VAB conducted an online survey of more than 10,000 motorists, the results of which were published earlier on Sunday. The survey reveals that since the “lockdown light” measures came into force in mid-March people have been using their cars much less and those that have ventured out onto roads with their vehicles have been making much shorter journeys than would normally have been the case.
This means that many car batteries are flat or nearly flat. In order to fully charge a car battery, a motorist would have to drive at least 30km at a constant speed, preferable on a motorway, VAB wrote in a press release.
In addition to issues with car batteries VAB also expects an increase in issues with soot filters. This is because with a vehicle having stood idle for a long period, the filters will have been unable to have burned off the soot that they had collected, a process known as “regeneration”. In order for a soot filter to regenerate completely a motorist needs to have driven at least 20km. The first 10km to allow the filter to reach the temperature at which it starts to work and a further 10km to complete the regeneration process.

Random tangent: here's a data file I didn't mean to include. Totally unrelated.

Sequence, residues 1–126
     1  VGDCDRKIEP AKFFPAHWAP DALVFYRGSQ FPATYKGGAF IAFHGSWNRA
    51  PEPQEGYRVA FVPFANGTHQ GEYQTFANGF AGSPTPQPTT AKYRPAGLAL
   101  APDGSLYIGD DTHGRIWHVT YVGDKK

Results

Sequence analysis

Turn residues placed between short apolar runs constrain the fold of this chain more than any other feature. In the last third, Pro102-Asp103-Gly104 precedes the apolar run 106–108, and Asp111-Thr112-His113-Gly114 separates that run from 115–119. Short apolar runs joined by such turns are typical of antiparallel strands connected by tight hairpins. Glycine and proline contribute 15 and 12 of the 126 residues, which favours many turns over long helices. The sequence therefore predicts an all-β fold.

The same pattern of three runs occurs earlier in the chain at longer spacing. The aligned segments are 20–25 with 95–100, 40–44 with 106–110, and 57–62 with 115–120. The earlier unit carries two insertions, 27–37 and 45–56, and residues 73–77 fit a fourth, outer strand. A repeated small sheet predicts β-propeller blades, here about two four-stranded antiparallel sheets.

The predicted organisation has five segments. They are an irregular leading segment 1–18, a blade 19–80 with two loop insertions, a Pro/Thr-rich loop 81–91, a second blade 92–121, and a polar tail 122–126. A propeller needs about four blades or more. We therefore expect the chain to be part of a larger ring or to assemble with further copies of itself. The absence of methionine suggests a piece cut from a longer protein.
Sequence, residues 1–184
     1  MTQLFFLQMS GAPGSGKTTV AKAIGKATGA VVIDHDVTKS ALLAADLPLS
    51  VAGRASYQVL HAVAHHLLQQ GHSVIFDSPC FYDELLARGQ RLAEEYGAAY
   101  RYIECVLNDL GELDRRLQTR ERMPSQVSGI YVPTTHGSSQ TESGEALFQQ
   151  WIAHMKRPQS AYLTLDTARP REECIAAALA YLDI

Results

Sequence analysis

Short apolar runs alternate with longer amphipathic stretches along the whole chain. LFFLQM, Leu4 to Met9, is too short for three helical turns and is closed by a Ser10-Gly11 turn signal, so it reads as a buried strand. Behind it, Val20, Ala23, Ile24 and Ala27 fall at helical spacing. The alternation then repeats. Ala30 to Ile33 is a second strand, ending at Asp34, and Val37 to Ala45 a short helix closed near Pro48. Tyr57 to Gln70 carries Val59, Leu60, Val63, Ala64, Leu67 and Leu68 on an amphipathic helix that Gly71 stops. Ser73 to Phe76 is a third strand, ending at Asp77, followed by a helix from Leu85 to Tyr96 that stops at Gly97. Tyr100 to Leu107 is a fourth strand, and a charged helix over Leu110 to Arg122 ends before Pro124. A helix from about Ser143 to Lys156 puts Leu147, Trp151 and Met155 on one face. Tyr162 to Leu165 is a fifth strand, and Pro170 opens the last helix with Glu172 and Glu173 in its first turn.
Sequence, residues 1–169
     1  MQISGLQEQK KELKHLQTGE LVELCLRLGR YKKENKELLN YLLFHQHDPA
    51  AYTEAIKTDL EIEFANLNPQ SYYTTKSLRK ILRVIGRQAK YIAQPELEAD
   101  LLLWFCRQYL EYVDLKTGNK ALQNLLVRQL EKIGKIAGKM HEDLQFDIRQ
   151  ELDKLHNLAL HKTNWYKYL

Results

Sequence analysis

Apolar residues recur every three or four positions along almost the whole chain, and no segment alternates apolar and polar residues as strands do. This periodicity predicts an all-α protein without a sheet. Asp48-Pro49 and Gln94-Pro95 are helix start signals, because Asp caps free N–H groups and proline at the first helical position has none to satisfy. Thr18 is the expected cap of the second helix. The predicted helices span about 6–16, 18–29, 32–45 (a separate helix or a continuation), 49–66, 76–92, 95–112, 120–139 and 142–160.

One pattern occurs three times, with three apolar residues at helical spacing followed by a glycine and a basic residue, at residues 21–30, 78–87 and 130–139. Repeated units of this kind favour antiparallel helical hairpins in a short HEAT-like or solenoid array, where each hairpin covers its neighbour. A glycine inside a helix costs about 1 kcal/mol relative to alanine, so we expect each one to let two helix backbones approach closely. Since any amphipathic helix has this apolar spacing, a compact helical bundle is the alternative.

VAB advises motorists that see that the soot filter light on the dashboard of their car is lit up to go and get the filter checked as quickly as possible. A new soot filter can easily cost more than 1,000 euro.